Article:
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Home Issue 39 Asparagus a perennial crop that will last for years

Asparagus a perennial crop that will last for years

By GEOFF MIERS

Asparagus is one of the most valuable perennials for the vegetable garden. It will reward you with fresh produce for years, are easy to grow and now is the time to plant asparagus crowns.

As the first spears of the new season commence appearing in established asparagus patches it’s a timely reminder that its time to plant asparagus crowns.

The secret to successfully growing asparagus is to prepare the soil thoroughly prior to planting.

Asparagus (Asparagus officinalis) is quite unique in the vegetable garden as it can produce year after year for 15 plus years when managed however it is not uncommon for it to grow for up to 30 years.

A high yielding plant that produces multiple spears during its peak growing season, asparagus is high in potassium, great for fibre and low in salt.

It is a terrific plant to grow and there is nothing nicer than being able to daily harvest spears and put them fresh on the table or blanch and freeze for later use.

Asparagus can be grown from seed or from crowns. Asparagus seed is easy to grow however it will be three to four years before you are able to harvest with free-abandonment.

You can often purchase asparagus seedlings when in season, they are a much cheaper alternative to purchasing asparagus crowns however you will be waiting some time before they are mature enough to produce a plentiful supply. Anxious to be eating fresh asparagus? Then spend a little more and buy crowns. 

Asparagus crowns certainly produce much quicker results. The age of the crowns will dictate when you are able to harvest.

With two to four year old crowns you will harvest spears in the first year and by the second they will be in full production. With younger crowns it will be at least another year or two before good crops can be harvested.

Asparagus prefer well-drained sandy or loamy soils containing plenty of organic matter. They are hungry feeders and should be planted into a well-prepared bed, into sandy soils add large amounts of organic matter with well-rotted animal manure blended through the soil.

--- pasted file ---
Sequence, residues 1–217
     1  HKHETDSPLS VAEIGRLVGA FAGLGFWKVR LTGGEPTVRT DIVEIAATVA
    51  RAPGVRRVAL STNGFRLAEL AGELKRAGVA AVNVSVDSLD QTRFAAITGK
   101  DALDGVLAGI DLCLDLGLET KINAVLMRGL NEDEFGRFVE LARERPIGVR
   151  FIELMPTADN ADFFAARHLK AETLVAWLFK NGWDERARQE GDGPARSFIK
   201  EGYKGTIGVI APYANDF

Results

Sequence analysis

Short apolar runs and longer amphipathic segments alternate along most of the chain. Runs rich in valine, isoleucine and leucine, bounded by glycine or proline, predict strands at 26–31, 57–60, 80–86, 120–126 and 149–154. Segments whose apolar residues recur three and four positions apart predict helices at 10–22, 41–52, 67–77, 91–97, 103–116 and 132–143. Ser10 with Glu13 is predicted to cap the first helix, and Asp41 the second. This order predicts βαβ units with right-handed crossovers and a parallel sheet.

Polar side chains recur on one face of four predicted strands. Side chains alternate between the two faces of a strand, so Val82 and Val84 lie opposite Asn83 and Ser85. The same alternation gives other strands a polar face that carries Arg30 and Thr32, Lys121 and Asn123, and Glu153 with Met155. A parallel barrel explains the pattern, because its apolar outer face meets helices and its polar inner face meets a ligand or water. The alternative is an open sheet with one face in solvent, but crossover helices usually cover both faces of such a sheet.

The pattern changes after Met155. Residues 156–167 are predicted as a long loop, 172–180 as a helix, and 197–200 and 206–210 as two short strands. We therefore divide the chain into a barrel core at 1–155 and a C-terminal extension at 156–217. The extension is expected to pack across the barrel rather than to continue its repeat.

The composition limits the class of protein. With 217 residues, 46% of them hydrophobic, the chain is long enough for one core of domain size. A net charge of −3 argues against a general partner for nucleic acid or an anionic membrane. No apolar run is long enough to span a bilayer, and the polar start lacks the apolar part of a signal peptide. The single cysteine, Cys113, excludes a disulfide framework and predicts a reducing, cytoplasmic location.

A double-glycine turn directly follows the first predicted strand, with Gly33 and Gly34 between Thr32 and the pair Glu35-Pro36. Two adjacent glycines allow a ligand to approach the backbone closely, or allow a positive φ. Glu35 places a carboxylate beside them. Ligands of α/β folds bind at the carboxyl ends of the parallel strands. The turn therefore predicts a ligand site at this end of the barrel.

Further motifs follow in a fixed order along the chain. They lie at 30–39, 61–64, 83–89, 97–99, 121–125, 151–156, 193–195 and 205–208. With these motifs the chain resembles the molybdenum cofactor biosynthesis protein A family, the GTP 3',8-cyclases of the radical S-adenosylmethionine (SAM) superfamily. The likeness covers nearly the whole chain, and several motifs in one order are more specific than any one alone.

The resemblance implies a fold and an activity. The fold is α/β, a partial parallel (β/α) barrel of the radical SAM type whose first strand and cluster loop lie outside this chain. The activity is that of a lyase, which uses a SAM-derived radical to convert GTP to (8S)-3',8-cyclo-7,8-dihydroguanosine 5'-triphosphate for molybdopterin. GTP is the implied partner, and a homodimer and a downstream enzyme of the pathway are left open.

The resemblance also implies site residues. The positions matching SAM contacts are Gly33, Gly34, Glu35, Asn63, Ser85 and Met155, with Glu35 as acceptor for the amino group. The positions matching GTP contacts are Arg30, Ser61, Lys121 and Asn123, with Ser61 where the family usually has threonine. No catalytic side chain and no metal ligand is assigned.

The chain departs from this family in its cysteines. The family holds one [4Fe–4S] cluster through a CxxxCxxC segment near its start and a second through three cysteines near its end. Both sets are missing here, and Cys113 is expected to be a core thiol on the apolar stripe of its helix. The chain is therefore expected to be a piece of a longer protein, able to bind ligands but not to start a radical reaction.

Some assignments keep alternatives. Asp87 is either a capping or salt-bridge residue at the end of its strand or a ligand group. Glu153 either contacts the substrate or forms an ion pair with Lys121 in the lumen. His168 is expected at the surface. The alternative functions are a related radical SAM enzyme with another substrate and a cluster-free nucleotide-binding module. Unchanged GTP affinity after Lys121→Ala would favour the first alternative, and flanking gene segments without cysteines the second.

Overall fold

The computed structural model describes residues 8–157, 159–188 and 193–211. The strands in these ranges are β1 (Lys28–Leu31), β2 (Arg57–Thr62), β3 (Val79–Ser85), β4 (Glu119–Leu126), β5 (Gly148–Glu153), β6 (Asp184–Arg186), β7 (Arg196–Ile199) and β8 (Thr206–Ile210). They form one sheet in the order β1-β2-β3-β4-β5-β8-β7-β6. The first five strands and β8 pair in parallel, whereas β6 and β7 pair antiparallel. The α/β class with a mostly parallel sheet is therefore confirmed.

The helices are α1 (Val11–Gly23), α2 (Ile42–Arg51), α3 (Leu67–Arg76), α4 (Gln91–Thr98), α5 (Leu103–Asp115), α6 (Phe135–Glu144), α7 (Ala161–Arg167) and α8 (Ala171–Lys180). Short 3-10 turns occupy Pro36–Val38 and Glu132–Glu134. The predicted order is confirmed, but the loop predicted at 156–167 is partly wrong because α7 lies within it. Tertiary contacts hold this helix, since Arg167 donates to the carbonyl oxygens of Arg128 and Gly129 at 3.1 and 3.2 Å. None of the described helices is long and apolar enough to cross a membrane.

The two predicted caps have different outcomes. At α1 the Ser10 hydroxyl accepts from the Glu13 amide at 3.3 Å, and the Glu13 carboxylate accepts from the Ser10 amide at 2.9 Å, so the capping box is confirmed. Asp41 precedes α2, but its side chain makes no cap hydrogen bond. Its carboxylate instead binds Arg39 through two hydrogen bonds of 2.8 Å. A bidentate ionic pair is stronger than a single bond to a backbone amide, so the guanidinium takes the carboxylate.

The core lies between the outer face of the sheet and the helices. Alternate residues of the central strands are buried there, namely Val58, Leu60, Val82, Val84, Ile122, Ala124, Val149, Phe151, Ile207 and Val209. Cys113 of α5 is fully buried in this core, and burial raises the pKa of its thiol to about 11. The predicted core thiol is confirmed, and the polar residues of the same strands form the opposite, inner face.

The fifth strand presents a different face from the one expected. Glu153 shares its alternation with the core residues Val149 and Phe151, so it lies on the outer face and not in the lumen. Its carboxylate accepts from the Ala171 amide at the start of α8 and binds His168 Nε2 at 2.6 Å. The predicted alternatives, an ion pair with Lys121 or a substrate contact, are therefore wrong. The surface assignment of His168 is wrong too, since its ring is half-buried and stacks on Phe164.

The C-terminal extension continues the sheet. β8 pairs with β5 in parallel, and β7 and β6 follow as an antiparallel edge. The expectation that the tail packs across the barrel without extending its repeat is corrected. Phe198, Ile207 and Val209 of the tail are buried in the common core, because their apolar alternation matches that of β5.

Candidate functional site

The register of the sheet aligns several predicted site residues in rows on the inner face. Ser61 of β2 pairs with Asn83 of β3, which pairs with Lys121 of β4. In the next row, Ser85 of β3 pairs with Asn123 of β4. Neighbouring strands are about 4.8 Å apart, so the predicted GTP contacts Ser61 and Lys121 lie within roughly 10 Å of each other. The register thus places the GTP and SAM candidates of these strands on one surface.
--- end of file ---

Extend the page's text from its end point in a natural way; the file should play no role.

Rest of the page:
Asparagus can also be grown in heavy clay soils provided through the top 15-20cm an abundance of organic matter is blended in along with an organic fertiliser and plenty of gypsum often sold as Clay Breaker.

A mature asparagus patch that is capable of producing kilos per day twice a year.

Nematodes or eel worms hate asparagus so if you have a patch of ground in the vegetable garden where nematodes have been a problem in the past plant asparagus with safety.

In preparing the planting site dig trenches 30-40cm deep and 40-60cm wide. Back-fill the trench with animal manure and rich well rotted compost topped with soil filling the trench to two-thirds full.

Mound the soil mix placed in the trench as it is on this mound that you place the crown by fanning out the roots.

Then cover the crowns with a 5cm blend of organic matter, top soil and a blend of an organic fertiliser. Plant crowns approximately 40cm apart. Asparagus crowns should be planted in mid to late Winter before the crowns have shot.

If planting only a few crowns simply dig a hole 15cm deep, place a small mound of earth in the hole and place the plant on the mound so that the roots hang down without restriction and are evenly spread out in the hole

Remember asparagus crowns continue to multiply and can be lifted every four years, separated and replanted.

This will revitalise the plants and you are able to expand your patch building up your patch to 20 to 25 crowns or plants which will provide the average family with an ample supply of produce that can be eaten fresh or freeze for future use.

Green asparagus is cut from ground level beds when the spears are 15-20cm high and before the tips are open. Harvesting may need to be carried out daily or every two days. Spears left to grow longer can become a little woody.

If white spears are desired then you will need to mound up soil over the planting site to a depth of 25-30cm and as the spears first appear push a sharp knife through the soil cutting the spear 15cm below the ground.

Asparagus crowns when first planted should be allowed to develop for the first year before heavy cropping. For two to three year old crowns some harvesting can occur for a few weeks in the first season but remember that the longer you harvest you place increased stress on the plant in its first year.

The idea is to initially grow a healthy vigorous plant and for that to occur you need to allow the spears to develop into full maturity where fern-like foliage will develop. Allowing the foliage to develop will allow the plant to grow new crowns from which the spears emerge next season.

Harvesting can occur from whence spears first appear through August until even as late as early October. Then you allow the plants to fully grow and develop a foliage canopy as it is through this period the plants are able to recharge and build up strength in the crowns for next season’s crop.

With good management and a controlled fertilising regime two crops a year can be harvested still allowing the crowns to store up enough food for the next seasons crop. The second picking can occur some time leading up to Christmas for fresh asparagus for the festive season.

A side dressing of a high nitrogen fertiliser will result in many new spears emerging in a short period.

Asparagus is a great crop to grow, is very easy to manage, the simple secret is in the soil preparation prior to planting.

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